Winter weather delayed spring cleanup on campus

Winter weather delayed spring cleanup on campus

Chad Black, Correspondent

After months of snow and freezing cold winter is finally over and the Grounds Department at Marywood has been preparing for spring since last fall.

The department planted more than 4,000 tulip bulbs late last October into early November. The tulips are expected to bloom sometime in April with time to appear before graduation in May.

The construction of the new Learning Commons has also had an effect on the preparations for spring. Normally the commons is home to around 800 tulips, which will not be the case this year.

There are still displays of flowers elsewhere on campus, notably outside of the Sette LaVerghetta auditorium and out in front of the Shields Center for Visual Arts. Since the bulbs have already been planted, the grounds department will spend the next six weeks cleaning up campus.

According to Mark Burns, superintendent of grounds, this past winter has made preparations for spring more difficult than usual.

“I’m here 30 years and this has probably been the worst winter I’ve experienced. There’s a lot of damage out there. We usually start our spring cleanup over spring break when the kids are gone, because then we can get closer to dormitories without bothering anybody, but this year it was too cold,” said Burns.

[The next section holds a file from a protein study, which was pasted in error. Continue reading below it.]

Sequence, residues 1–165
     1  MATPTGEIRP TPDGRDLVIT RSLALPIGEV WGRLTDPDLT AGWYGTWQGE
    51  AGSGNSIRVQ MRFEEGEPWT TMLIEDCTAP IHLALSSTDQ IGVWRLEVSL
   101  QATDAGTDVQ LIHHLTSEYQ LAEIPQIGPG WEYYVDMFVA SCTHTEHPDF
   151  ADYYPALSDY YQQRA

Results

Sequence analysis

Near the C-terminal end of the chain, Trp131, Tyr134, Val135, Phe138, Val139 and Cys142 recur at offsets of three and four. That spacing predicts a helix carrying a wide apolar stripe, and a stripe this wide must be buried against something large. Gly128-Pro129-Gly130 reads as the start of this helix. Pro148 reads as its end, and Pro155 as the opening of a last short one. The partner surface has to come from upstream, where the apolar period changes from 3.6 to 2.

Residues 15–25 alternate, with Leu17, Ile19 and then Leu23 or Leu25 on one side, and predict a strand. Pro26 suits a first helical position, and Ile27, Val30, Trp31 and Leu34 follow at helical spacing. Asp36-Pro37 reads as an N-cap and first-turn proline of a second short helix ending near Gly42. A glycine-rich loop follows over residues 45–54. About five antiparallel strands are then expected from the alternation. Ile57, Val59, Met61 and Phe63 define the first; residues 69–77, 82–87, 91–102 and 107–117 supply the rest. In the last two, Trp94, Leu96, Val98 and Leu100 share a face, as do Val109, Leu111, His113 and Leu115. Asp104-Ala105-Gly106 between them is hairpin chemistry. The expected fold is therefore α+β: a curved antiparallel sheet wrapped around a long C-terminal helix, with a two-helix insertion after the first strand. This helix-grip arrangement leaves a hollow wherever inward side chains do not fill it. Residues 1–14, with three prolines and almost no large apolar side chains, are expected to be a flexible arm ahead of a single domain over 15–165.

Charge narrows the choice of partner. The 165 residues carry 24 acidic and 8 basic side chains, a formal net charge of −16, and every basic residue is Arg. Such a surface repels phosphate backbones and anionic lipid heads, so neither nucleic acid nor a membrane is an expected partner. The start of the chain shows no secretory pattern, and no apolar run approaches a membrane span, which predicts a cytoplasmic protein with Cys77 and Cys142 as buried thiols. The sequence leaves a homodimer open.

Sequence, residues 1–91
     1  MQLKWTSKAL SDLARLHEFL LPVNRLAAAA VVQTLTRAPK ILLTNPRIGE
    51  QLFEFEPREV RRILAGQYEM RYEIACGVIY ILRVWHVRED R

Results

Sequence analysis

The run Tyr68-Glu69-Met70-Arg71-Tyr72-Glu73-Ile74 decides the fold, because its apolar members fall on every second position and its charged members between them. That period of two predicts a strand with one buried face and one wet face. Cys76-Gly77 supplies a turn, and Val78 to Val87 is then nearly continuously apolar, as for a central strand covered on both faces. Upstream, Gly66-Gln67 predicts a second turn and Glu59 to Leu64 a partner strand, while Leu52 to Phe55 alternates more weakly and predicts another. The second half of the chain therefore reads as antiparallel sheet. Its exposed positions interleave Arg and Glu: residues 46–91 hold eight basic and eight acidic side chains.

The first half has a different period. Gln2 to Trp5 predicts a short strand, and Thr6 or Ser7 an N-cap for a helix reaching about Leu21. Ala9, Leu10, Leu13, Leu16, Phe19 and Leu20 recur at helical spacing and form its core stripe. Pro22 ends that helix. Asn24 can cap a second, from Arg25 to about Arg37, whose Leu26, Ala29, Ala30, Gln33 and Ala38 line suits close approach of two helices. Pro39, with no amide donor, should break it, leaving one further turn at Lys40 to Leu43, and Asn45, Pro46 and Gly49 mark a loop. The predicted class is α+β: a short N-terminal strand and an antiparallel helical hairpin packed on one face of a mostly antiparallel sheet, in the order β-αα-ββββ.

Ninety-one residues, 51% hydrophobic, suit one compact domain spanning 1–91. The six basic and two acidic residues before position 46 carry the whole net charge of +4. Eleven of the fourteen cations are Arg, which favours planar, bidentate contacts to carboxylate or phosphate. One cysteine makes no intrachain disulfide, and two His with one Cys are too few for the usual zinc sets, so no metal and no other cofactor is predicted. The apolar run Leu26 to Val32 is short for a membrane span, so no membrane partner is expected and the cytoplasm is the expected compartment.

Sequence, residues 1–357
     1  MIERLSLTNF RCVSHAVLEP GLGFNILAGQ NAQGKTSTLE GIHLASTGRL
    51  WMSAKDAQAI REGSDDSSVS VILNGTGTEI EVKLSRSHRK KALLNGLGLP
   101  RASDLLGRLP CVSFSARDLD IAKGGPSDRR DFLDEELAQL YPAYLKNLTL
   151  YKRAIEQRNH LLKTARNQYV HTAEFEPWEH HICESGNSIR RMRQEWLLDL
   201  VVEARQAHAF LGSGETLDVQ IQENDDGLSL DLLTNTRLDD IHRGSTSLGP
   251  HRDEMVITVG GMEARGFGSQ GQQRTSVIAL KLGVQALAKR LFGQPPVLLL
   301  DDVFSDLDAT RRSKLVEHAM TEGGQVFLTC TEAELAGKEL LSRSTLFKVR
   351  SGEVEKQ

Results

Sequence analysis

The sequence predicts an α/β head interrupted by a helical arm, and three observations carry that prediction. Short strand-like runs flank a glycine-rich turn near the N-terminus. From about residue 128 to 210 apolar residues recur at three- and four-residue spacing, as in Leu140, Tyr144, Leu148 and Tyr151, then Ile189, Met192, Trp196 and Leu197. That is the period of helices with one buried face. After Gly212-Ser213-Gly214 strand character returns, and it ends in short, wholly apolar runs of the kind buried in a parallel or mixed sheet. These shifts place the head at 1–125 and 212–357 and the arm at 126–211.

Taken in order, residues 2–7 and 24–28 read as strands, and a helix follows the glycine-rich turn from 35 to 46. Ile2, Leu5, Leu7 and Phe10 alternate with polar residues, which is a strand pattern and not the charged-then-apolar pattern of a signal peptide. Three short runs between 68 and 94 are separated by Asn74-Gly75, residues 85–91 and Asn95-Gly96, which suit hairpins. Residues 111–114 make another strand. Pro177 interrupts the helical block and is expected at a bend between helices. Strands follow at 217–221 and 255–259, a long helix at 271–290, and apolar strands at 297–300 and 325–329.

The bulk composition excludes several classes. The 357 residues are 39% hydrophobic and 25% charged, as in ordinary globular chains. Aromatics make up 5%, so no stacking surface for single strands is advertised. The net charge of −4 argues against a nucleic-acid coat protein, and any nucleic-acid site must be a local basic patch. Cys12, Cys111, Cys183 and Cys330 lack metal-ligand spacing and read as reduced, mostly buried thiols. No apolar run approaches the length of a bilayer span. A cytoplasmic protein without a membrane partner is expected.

Most of the damage was to concrete around campus, including sidewalks and curbs.

Students at Marywood had some mixed responses about the condition of campus.

James Schell, senior art major, said he hasn’t been pleased with how campus looks for quite some time.

“This year it is going look absolutely terrible because there is a giant hole right next to the library and the art field is more like an art mud puddle–and it has been for the past 3 years. I would like them to plant grass in the field. However, I have noticed that they plant flowers,” said Schell.

According to Brennan Maloney, senior psychology major, the campus isn’t looking good.

“In the spring, generally it looks gorgeous and fantastic, but now it looks awful. I came here because Marywood had a beautiful campus. I’m sure when spring comes around, when the tulips come up, it will look alright,” said Maloney.

Students like Christian Rainey, sophomore biology major, have been more understanding of the construction and bad weather and look forward to how campus will look in years to come.

“It looks much less appealing than it used to… but I think it will eventually look better. Spring time on campus looks super nice, especially after the really awful winters that we have, but campus usually looks really nice for spring,” said Rainey.

Once the cleanup is done and the tulips have had their time, the grounds department will start planting flowers for summer. The tulips generally last until late spring and then get replaced with summer flowers sometime in June.